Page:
Season In Review: Cincinnati BearcatsPosted by mlemaire on May 1st, 2013
Coming off a Sweet Sixteen appearance last season, hopes were high for this season’s version of the Cincinnati Bearcats. Unfortunately, after a hot start in the non-conference portion of their schedule, some of their weaknesses were exposed in conference play and a clear inability to score consistently held the team back as it finished 22-12 and 9-9 in the Big East before losing in the Second Round of the NCAA Tournament to Creighton. It was a relatively disappointing season after coach Mick Cronin had raised the bar in the 2011-12, but let’s dig a little deeper and see just how disappointing it really was.
Both the conference coaches and the esteemed group at this microsite saw the Bearcats’ finish last season and promptly pegged Cincinnati to finish fourth in the conference this season. Mick Cronin’s career was starting to take off following an impressive run to the Sweet Sixteen, and heading into this season, he boasted one of the league’s most experienced and talented backcourts in senior Cashmere Wright and junior Sean Kilpatrick, and an influx of junior college talent and improving underclassmen were supposed to prove serviceable in the frontcourt following the departure of do-everything big man Yancy Gates.
Although it didn’t look particularly exciting at the beginning of the season, whoever put together the Bearcats’ non-conference schedule this season might have legitimately influenced the program’s chances of making the NCAA Tournament. The team finished the non-conference slate 12-1 with good wins over Oregon, Iowa State, and Alabama, and their only loss was a one-point defeat versus New Mexico. The Bearcats ended the season on the bubble and you better believe that two wins and a close road loss to good NCAA Tournament teams helped make a difference. There is something to be said for how consistently good Mick Cronin-coached teams are defensively.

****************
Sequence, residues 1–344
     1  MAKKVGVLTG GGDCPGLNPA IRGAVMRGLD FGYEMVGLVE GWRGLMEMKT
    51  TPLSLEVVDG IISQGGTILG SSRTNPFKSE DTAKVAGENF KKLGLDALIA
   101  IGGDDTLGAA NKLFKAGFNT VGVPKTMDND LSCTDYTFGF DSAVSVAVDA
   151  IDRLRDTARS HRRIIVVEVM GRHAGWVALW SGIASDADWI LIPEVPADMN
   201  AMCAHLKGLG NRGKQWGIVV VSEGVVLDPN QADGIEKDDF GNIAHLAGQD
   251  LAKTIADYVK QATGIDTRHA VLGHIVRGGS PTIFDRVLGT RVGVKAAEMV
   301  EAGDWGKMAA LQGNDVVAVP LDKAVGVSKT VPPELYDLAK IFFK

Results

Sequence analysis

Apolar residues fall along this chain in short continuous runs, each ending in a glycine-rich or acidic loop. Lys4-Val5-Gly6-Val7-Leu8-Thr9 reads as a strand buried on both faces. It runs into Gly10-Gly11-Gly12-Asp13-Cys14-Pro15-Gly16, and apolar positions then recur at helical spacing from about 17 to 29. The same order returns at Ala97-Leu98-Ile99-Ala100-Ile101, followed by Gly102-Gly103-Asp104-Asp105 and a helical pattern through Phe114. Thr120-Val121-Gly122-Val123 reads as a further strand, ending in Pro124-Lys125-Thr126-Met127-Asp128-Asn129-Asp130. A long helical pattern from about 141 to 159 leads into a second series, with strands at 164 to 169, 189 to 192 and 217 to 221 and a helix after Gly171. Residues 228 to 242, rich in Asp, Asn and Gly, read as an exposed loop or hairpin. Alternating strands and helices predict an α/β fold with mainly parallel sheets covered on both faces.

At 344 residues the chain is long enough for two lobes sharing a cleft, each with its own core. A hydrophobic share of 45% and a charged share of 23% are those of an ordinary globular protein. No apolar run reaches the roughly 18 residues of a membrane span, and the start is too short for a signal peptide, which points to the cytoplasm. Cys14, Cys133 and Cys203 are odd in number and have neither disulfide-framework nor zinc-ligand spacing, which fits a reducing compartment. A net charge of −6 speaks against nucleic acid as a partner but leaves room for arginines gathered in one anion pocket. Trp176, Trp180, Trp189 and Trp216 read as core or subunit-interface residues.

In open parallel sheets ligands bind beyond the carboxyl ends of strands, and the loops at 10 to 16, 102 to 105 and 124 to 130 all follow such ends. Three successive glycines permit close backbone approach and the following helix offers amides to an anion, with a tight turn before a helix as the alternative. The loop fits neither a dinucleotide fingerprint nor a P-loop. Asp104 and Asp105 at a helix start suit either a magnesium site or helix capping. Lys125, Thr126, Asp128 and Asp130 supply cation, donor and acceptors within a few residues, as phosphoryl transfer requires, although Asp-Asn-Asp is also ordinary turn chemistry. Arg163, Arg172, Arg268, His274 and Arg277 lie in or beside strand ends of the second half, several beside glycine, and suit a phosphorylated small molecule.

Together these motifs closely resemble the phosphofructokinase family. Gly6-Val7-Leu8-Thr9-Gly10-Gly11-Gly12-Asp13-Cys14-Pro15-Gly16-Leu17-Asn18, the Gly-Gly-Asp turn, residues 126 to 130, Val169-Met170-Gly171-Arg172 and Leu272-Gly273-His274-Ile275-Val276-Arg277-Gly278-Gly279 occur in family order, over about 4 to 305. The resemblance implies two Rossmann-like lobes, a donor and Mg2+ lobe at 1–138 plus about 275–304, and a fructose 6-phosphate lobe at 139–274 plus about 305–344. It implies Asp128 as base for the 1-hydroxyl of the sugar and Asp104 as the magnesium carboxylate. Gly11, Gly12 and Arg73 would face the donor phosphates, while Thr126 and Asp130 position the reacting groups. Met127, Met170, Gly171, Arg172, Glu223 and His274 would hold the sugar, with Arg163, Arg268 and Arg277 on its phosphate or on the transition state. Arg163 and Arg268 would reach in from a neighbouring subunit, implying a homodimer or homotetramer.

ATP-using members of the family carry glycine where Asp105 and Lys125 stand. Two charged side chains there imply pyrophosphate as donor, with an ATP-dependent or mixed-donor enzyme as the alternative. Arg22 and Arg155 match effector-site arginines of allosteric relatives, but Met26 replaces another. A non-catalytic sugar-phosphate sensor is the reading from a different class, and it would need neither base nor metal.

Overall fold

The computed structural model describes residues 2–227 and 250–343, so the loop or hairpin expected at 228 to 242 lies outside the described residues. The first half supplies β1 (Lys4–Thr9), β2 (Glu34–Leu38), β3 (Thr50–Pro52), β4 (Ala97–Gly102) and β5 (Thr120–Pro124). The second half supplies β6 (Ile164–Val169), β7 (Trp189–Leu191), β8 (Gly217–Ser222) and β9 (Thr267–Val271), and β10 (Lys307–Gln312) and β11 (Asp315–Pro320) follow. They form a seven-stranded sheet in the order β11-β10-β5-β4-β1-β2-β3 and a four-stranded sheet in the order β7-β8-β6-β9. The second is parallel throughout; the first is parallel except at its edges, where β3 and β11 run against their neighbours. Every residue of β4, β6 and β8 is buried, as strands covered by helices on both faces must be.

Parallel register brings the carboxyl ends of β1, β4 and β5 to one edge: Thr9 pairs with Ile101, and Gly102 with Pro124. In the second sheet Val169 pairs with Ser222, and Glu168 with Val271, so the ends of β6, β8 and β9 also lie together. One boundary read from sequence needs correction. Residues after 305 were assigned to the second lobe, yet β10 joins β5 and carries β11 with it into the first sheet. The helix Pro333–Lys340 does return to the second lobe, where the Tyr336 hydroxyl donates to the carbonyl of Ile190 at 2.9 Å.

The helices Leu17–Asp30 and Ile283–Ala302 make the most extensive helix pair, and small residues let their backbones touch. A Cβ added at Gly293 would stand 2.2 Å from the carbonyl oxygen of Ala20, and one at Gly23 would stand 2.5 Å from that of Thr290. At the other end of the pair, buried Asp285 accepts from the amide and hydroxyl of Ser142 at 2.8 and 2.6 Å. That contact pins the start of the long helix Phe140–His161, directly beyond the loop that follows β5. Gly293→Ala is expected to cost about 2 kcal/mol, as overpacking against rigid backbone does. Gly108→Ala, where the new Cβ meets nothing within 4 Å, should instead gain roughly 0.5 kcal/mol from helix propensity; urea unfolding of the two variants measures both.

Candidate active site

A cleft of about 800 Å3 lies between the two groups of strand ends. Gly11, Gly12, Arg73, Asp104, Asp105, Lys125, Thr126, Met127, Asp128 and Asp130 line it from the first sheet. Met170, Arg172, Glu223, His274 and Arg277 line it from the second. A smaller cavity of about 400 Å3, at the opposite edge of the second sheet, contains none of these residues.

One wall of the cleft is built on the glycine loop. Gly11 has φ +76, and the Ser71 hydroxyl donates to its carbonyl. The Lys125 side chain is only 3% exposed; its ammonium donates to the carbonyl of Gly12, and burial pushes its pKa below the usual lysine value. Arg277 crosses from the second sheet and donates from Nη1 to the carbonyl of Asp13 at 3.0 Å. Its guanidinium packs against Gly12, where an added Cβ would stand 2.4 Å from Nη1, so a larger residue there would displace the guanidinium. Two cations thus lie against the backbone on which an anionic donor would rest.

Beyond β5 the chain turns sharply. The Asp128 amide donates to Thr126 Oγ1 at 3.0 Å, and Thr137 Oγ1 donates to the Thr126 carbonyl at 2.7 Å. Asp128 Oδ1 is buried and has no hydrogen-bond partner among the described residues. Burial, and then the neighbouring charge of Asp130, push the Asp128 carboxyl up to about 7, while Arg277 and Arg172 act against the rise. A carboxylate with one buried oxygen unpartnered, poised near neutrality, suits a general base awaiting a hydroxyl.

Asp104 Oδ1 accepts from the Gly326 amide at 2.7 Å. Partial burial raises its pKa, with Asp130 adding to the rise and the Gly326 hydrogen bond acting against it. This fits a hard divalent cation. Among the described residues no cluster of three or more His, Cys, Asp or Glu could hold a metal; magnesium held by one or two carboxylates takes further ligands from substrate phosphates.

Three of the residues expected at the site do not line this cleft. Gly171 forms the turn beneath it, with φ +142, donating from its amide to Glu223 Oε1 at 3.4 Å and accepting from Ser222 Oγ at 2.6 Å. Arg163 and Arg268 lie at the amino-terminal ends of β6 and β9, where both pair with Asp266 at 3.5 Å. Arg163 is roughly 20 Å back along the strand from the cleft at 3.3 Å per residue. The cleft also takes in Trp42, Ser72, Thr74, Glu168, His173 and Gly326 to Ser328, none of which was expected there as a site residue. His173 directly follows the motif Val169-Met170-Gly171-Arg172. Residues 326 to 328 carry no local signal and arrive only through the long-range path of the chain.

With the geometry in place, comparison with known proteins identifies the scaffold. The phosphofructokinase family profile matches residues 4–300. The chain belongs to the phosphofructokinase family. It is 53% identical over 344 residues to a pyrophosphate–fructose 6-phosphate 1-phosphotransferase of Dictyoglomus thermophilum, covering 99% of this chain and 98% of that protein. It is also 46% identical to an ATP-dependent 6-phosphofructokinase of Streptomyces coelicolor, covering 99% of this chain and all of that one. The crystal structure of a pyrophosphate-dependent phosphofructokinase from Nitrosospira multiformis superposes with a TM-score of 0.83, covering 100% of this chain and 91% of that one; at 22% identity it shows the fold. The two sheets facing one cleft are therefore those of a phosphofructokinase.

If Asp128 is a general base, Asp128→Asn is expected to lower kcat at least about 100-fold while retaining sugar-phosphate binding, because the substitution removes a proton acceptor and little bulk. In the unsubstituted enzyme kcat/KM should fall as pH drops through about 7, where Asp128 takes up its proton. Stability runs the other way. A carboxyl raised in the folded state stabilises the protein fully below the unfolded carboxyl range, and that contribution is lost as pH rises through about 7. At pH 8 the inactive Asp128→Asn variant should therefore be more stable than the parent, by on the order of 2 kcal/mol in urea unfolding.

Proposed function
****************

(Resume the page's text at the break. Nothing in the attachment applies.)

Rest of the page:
The Bearcats were one of the 25 most efficient defensive teams in the country in 2011-12, and they actually improved in 2012-13, jumping from 24th in adjusted defensive efficiency to 14th. They blocked a ton of shots and defended the perimeter with reckless abandon, both of which led to a number of tight games. Wright was another bright spot for the team as he capped off his senior season by improving his scoring average and cutting down on turnovers. The other positives were less noticeable but worth mentioning nonetheless. Senior center Cheikh Mbodj was a pleasant surprise as he played a serviceable center for much of the season, and versatile freshman Shaquille Thomas really came on strong late and looks poised for big things next season.